Lisa Batiashvili

Shostakovich´s Symphony No. 8 and Tchaikovsky´s Violin Concerto

Description Program Artists

All events for the second half of the 2020–2021 season are still planned, but cannot currently be booked. Advance ticket sales have been interrupted. The current experience with the coronavirus pandemic has shown us that in the event of strong demand (above the currently permitted 500 guests), advance sales can only be expanded once the official approval has been given to open the hall accordingly. We will continue to publish or confirm the final program six weeks before the scheduled event.

This symphony no longer exists. All radio recordings have been erased, the dissemination of the score is prohibited. Such was the fate of Dmitri Shostakovich’s Eighth Symphony after the Second World War. Its lyrical and doubting mood was not in keeping with Stalin’s intoxication of victory and the propaganda machinery of his dictatorship. And it was not by chance that the composer made use of techniques borrowed from his great musical predecessors like Johann Sebastian Bach. Who among his contemporaries could portray both spiritual and bodily suffering as vividly as the Thomaskantor? Also not of this world are the Canzonetta of the second movement and many other passages from Peter Ilyich Tchaikovsky’s Violin Concerto. In this work the composer climbs from great spiritual depths back up to the blooming surface of the earth. From deepest doubt to irrepressible joy. What an evening!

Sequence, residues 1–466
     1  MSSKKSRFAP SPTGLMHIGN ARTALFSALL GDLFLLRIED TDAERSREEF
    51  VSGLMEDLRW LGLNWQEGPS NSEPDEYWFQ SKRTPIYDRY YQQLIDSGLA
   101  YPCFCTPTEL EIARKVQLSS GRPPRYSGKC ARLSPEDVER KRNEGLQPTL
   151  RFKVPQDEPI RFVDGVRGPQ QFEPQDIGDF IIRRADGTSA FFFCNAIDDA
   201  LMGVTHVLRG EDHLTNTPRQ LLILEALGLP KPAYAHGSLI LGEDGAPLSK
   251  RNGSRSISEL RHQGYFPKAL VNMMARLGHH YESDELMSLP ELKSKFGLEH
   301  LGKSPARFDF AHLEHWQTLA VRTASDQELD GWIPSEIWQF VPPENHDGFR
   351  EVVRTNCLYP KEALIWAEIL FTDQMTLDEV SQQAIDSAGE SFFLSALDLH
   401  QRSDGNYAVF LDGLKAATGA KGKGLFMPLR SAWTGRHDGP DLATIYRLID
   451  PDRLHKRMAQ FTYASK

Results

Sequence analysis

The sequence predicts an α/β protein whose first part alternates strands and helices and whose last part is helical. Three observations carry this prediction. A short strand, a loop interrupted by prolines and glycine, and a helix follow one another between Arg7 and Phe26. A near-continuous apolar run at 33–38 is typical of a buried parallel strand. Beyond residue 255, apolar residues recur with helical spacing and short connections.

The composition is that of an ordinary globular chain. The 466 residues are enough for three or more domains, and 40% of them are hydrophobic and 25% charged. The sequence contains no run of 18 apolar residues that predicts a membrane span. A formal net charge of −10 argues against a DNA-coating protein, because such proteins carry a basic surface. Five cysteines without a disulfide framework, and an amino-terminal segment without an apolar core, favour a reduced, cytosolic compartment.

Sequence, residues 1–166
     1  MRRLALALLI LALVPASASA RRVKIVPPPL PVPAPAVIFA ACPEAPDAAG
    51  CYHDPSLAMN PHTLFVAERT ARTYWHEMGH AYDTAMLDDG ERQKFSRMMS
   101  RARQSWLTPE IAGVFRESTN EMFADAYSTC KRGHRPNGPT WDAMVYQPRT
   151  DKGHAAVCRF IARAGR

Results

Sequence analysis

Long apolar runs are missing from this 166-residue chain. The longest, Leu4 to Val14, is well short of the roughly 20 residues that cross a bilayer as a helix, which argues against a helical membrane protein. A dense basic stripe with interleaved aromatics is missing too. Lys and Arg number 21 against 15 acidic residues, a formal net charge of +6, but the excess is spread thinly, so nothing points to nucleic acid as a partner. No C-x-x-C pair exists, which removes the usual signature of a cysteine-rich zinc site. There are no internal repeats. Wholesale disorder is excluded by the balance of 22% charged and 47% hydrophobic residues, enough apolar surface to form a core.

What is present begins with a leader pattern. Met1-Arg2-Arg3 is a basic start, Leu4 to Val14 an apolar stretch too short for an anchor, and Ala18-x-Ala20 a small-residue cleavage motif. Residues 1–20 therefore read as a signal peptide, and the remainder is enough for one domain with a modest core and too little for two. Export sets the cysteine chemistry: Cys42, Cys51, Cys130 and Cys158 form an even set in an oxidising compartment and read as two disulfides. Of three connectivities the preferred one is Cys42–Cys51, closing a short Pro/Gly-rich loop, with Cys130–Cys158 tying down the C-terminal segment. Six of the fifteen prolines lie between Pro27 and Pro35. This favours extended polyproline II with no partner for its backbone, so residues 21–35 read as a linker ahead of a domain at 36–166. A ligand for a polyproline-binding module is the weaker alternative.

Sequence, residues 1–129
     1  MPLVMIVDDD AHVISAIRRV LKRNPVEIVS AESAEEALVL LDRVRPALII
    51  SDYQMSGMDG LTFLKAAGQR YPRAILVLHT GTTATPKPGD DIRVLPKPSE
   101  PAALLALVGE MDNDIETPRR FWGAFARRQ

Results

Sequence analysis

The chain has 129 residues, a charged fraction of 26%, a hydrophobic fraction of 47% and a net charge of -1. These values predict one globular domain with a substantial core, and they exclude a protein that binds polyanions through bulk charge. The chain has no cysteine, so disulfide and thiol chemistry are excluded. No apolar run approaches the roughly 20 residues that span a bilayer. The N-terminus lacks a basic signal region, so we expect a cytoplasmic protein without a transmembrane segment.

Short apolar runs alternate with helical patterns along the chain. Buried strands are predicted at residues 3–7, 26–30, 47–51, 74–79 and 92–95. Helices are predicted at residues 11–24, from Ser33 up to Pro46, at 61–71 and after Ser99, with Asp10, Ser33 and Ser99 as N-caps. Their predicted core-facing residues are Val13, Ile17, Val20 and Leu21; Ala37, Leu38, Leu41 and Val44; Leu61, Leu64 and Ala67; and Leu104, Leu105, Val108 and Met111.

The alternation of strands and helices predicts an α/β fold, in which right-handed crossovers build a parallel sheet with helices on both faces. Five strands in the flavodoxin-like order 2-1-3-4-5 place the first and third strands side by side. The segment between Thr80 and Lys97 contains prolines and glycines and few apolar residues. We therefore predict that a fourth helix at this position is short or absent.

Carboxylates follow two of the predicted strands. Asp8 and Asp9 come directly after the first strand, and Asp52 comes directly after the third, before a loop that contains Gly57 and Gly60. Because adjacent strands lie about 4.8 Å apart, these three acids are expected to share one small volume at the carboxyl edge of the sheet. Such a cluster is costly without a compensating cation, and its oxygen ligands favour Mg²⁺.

Photo that shows Batiashvili4 2017 Sammy Hart.


Peter Ilyich Tchaikovsky
Violin Concerto in D major, op. 35

Dmitri Shostakovich
Symphony No. 8 in C minor, op. 65

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